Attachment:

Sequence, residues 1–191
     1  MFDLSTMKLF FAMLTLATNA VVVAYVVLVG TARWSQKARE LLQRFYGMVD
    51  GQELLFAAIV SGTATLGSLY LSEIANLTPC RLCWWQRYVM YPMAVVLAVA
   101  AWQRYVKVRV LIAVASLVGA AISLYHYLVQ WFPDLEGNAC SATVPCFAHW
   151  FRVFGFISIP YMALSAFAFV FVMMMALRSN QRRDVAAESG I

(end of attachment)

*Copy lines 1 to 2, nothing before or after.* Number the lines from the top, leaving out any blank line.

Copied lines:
Sequence, residues 1–191
     1  MFDLSTMKLF FAMLTLATNA VVVAYVVLVG TARWSQKARE LLQRFYGMVD